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  1. #1


    Member Since
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    Jailbreak -to be or not to be? (iPhone 4)
    Hello.

    I'm posting here because the Apple forum seems to be somewhat biased against unlocking/jailbreaking -go figure...

    What I'm curious about is the "actual" harm that it can physically do to your phone. I've done some preliminary research and have read more negative than positive. I understand that one can enter dangerous territory here; especially in light of identity theft etc. Nothing's for free, and you get what you pay for. I'm guessing, that there are people in this forum that may be of two camps:

    1) sure, it's not that big a deal. I've done it, and this is the site to go to for the best no-nonsense software, blah blah 9 out of 10 agree....If so, which one?

    OR

    2) It's not worth it. Don't do it.

    My curiosity stems from some of the militant measures implemented by phone manufactures and service providers to keep one from enjoying their phones to their fullest potential. I'm guessing that the phone manufactures while marketing a product -having less than altruistic motives -are against jailbreaking for security, liability, reliability, etc. The phone companies however, seem to be a little more nefarious in terms of use, service, and just paying way too much for their services -especially when traveling abroad (I do travel quite a bit) . For this reason, I'm interested in being able to have the flexibility of using different sim arrangements and be done with the stiff tariffs of the phone company. Because of the provider's exorbitant fee's I'm willing -perhaps to my disadvantage- to forgo the whole legal/illegal aspect of jailbreaking a cell phone as the laws have seemed to have made it prohibitive.
    But not at the expense of screwing up my phone!!

    The other advantage I can see from jailbreaking is the use of some of the apps that wouldn't be available otherwise. Namely, the iBlacklist app. This has a very practical use for me, as i tire from unwanted phone calls that continue to come in (if there is a work-around for this, please feel free to let me know how I can block a number , and not just send it to a silent ring).

    inquiring minds want to know...

    Thanks!

  2. #2

    Raz0rEdge's Avatar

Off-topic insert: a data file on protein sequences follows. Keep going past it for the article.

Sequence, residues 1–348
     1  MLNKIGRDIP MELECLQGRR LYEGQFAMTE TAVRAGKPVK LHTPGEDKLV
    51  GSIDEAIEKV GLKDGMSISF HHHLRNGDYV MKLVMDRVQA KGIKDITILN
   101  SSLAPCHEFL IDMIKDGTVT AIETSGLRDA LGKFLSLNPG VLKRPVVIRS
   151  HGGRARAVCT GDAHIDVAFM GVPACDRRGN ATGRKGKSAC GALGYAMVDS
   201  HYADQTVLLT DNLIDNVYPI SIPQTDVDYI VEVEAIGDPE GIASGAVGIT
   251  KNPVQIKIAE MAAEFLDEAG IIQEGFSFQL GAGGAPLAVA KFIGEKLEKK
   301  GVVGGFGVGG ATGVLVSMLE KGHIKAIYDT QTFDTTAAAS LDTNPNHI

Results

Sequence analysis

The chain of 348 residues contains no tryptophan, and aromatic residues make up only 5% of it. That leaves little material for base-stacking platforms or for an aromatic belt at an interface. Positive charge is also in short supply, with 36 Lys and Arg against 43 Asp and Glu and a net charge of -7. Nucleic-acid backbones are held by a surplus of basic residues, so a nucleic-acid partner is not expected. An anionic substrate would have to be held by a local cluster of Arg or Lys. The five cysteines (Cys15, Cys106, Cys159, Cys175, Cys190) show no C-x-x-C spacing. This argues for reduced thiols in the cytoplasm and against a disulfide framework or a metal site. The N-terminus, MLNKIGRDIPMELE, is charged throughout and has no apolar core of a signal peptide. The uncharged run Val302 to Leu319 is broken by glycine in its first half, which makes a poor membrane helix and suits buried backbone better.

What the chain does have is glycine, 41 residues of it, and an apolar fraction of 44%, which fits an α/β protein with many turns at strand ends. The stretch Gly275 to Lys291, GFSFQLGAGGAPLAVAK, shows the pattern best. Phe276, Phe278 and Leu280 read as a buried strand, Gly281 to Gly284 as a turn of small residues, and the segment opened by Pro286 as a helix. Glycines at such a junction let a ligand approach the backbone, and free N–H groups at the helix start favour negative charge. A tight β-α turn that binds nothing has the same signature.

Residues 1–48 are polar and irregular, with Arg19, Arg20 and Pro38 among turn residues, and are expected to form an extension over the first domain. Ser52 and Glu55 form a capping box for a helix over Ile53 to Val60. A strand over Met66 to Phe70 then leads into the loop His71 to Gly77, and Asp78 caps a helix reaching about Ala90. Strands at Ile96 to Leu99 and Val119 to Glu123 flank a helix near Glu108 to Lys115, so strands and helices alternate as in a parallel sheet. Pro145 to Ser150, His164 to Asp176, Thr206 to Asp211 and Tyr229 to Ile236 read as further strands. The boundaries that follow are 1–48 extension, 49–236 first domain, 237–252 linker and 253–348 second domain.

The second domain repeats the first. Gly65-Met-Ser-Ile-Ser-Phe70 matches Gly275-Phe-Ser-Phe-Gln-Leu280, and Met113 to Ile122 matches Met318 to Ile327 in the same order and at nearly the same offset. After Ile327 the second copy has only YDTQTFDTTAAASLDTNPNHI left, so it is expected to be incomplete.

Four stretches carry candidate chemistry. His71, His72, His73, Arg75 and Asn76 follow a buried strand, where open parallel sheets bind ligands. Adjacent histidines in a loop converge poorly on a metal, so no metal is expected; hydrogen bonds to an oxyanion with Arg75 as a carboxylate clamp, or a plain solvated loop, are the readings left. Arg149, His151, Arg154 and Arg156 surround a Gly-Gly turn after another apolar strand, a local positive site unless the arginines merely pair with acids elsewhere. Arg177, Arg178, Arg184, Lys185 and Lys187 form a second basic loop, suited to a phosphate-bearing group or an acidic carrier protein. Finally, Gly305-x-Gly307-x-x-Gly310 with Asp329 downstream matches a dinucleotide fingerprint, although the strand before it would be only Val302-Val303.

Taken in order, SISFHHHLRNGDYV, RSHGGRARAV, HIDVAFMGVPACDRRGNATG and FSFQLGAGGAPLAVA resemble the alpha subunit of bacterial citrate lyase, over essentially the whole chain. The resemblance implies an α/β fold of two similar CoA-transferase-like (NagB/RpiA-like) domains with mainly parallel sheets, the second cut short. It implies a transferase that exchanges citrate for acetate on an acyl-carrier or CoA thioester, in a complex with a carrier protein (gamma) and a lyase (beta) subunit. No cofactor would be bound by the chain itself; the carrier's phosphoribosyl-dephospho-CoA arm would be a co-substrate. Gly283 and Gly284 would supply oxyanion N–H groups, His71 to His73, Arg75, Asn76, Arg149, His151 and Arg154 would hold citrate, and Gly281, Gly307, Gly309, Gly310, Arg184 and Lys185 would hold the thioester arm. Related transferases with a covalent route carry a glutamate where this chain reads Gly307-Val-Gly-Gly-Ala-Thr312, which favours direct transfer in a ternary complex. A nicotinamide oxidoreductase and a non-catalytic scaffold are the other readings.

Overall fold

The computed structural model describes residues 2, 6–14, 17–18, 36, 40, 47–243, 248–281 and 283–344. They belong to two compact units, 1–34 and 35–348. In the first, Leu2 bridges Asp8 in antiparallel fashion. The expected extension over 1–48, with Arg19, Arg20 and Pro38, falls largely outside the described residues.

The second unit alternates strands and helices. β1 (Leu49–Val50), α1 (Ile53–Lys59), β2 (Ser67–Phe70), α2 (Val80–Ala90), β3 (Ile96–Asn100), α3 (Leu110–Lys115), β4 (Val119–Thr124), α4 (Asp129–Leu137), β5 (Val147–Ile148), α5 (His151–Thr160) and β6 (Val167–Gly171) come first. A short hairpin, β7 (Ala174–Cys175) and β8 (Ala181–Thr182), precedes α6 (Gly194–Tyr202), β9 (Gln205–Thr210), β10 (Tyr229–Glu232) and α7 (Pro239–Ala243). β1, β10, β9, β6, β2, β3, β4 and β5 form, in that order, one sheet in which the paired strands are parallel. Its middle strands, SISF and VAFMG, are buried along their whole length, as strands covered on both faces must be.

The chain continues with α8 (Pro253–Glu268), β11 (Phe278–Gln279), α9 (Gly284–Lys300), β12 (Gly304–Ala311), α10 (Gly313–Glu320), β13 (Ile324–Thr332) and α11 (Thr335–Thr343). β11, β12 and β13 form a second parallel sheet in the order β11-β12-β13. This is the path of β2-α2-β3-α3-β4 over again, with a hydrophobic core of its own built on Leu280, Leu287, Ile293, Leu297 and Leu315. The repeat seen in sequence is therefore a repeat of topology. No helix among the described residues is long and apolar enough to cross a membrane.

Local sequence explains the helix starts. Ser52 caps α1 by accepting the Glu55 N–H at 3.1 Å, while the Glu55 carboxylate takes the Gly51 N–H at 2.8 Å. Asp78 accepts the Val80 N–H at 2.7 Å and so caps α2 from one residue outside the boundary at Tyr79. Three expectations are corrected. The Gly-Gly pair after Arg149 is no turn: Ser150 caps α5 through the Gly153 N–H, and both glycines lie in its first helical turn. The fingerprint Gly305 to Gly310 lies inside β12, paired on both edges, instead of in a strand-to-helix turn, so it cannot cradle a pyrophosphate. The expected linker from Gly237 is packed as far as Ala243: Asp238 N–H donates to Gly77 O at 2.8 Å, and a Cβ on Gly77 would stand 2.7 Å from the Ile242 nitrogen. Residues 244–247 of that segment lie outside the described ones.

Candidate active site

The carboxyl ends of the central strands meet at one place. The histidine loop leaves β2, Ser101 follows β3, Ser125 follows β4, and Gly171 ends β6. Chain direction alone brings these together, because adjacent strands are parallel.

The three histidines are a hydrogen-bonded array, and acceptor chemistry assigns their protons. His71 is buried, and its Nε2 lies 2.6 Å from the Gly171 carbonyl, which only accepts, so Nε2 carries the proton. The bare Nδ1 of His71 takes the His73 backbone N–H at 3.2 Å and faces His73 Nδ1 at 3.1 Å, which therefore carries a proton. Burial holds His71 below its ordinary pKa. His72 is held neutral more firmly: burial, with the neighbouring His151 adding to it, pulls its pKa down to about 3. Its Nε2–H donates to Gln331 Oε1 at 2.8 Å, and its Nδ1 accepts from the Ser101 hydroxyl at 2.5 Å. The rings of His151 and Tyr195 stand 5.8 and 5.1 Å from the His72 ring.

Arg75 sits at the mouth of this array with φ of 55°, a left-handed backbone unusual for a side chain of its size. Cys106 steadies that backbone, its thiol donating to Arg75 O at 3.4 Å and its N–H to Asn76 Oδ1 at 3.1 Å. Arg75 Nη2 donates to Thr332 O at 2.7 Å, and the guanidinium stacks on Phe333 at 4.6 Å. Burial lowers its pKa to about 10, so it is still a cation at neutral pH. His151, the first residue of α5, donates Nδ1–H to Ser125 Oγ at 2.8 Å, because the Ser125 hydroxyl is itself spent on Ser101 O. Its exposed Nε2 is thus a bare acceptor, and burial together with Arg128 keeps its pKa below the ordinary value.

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    I'm neither for or against Jailbreaking..but one of the key things to keep in mind is that Apple has taken measure to ensure that applications that make their way onto your devices are assured to not cause any harm to the device, and if they did, they'd go after whoever did the harm and get you back in business.

    That protection is gone the moment you JB and install the various app store-equivalents that get you apps that didn't make into the legitimate app store for one reason or other. You are now purely taking the word of whoever is selling/giving the wares that it won't cause any harm and if it does, too bad..nothing you can do about it..hope a restore gets you back in business otherwise time for a new device..

    There is also the identify theft and other malicious activities you have to worry about..

    Now it looks like you are doing the necessary research about this and going into it knowing the risks which is good as opposed to just doing it for the sake of doing it and then complaining about the fact that it somehow broke your device..

    Because this is not a sanctioned thing from Apple, there is always a risk that trying to JB your phone might do something bad..and Apple for a while was doing things to the phone to make it harder to JB it until the US law allowing JB'ing to be legal, so they've stopped that now..

    However, should you sufficiently break the phone trying to JB it, you void your warranty and Apple will wash it's hand off of your device and not help you..

    I jailbroke my iPhone 3G purely to see what the hoopla was all about back in the day, didn't see anything really exciting about it and reverted back..I haven't tried the same with my iPhone 4..
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  3. #3

    vansmith's Avatar
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    My philosophy (to keep it simple): if you don't know why you're doing it, you probably shouldn't. You should also feel comfortable with losing data and fixing problems should they arise.

    I jailbroke by iPod Touch but I only did it to tweak a few minor settings that were really bothering me. As funny as it may seem, I really wanted a percentage next to my battery meter. I got that and did little else. Was it worth it? Sure but I also didn't take any larger risks.
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  4. #4


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    Quote Originally Posted by Raz0rEdge View Post

    Because this is not a sanctioned thing from Apple, there is always a risk that trying to JB your phone might do something bad..and Apple for a while was doing things to the phone to make it harder to JB it until the US law allowing JB'ing to be legal, so they've stopped that now..
    Really?? Did the Court actually do that?

    I'm honestly surprised...the US system has gone a little crazy there surely? How does that square with the DMCA?

  5. #5

    Raz0rEdge's Avatar
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    Yeah it became legal around 2010 or so..though it says JB'ing iPhone and not tablets which are exempt. Originally unlocking was also legal, but I think recently I read that unlocking was not going to be legal anymore..
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    ...Ashwin



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  6. #6


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    Ok..I understand all points of view above now. Mobile phones and providers are obviously in the crosshairs.

  7. #7

    Raz0rEdge's Avatar
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    Especially in the US where we have to deal with contracts and locked phones. Other countries provider greater freedom for people to move around and buy unlocked phones at higher prices..

    I believe that the contacts makes the providers complacent in their behavior towards consumers, they don't have the fear that we'll leave them for shoddy service..
    --
    Regards
    ...Ashwin